Purim, one of the most colorful and popular holidays in Judaism (probably because it is a mitzva to get, ahem, inebriated), is coming up this Saturday evening. Colorful because it involves getting dressed up in costume, and popular because it’s fun to see everyone else’s creative costume ideas, eat delicious pastries, hear the story from the Book of Esther, and have a little something to drink.
Unfortunately, all of those activities carry potential for a lot of waste. But they don’t have to.
Want to dress up but don’t want to be covered in cheap, disposable costumes, or plastic? Here are some creative do-it-yourself costume ideas made with stuff mostly from around the house:
Make a mask out of items in your recycling bin. Cereal boxes are great for this. Just outline the shape you want, cut out holes for eyes, and then punch a hole in each side so that you can attach a string or rubber band to your mask.
Dress up as a Compact Florescent Lightbulb by wearing all (or mostly) white. If you have a white turtleneck, that would be great for this. Then inflate around a dozen long, white balloons and tie them end to end. Wrap them around you in a spiral shape along your torso for a light bulb look.
Become a Greek god or goddess by draping a white sheet over yourself, cinching it with a belt or some rope, and putting on some sandals. For an extra touch, grab a branch from outside and wrap it around your head.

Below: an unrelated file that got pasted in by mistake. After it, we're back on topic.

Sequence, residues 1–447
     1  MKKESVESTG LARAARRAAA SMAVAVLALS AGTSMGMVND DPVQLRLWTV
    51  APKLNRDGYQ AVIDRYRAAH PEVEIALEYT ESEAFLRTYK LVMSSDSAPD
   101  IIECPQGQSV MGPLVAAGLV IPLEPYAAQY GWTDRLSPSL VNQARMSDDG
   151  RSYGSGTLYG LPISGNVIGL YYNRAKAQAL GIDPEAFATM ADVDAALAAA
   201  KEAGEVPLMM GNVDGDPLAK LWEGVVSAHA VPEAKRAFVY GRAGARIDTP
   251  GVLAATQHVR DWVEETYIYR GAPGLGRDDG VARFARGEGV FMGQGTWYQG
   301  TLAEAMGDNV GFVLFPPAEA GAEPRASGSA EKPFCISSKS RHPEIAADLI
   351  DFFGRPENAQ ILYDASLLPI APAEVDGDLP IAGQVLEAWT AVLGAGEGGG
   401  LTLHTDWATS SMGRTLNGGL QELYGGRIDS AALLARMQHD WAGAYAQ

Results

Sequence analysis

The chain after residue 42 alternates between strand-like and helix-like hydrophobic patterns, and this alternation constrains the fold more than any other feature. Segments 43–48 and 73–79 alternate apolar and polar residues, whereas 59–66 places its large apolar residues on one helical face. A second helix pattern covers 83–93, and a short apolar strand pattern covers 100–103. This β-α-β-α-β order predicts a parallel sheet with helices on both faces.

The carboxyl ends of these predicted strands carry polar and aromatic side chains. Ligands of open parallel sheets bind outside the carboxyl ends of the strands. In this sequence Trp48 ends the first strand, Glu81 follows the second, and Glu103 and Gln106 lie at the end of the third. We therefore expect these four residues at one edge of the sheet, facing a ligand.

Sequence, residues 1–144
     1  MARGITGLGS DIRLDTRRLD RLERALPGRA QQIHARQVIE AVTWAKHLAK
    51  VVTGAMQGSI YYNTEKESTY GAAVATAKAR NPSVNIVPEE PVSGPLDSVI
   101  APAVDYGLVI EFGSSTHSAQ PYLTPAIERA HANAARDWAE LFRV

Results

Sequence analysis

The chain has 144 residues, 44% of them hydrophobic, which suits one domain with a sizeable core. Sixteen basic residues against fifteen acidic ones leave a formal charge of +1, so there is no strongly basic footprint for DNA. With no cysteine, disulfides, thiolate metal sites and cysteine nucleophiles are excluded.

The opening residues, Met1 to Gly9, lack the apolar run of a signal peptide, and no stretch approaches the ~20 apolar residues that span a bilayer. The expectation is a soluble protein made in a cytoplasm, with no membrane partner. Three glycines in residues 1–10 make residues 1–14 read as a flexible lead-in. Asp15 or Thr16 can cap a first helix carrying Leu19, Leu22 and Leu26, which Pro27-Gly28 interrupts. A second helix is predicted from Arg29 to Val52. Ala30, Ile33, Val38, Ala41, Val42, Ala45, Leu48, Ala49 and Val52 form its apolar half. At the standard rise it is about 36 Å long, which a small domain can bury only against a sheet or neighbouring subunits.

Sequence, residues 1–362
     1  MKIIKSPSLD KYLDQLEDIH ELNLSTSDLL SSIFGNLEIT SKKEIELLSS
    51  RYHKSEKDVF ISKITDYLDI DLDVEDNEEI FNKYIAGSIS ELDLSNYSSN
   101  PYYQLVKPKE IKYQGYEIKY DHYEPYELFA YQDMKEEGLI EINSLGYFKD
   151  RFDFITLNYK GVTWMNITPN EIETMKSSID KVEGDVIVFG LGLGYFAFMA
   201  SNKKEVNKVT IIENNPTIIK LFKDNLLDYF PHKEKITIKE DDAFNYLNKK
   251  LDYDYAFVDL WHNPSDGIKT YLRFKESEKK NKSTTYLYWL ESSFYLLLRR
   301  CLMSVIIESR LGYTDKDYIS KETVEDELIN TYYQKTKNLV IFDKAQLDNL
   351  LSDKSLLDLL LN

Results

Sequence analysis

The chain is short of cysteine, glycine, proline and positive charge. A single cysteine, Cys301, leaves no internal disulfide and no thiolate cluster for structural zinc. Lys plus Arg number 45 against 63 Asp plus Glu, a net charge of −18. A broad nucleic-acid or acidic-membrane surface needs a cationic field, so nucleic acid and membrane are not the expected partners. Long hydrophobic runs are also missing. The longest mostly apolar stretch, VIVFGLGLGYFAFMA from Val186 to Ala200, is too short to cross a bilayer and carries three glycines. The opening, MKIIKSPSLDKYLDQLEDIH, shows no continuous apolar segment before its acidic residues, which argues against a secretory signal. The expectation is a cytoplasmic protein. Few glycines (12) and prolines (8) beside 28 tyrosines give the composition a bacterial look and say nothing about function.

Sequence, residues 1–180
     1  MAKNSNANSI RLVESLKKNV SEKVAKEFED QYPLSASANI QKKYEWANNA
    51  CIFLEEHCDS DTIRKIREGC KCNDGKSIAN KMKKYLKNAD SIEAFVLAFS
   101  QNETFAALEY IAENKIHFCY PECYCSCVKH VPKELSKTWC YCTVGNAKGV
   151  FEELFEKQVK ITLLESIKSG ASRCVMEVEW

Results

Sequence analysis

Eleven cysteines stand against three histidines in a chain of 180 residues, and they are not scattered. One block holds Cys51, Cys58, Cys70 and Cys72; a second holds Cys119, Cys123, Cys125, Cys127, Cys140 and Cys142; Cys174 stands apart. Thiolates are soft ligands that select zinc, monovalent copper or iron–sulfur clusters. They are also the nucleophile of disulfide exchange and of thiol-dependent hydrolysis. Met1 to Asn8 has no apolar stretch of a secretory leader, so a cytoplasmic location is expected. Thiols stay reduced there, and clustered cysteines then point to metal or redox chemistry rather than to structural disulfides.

Another fun part of Purim is eating all of those Hamantaschen (or “oznei Haman”), but the ones available at stores around you may not be organic, homemade, or made with local ingredients. Why not make your own? And why not spice things up by making Ma’amoul cookies, eaten by Jews in Arab countries all over the Middle East during Purim.
And while you’re dressed as a CFL, eating homemade (and local, and organic) cookies, and listening to the Book of Esther, what are you going to make noise with every time you hear the name of the nefarious Haman? Some disposable noisemaker? No! Make your own noisemaker out of items in your recycling bin. Get creative – use bottles, cans, and whatever noisy, clinky items you find.
Lastly, how are you going to perform that oh-so-important Purim mitzva, getting drunk? Hopefully with some local, organic wine or some locally brewed beer.
Read more about Purim::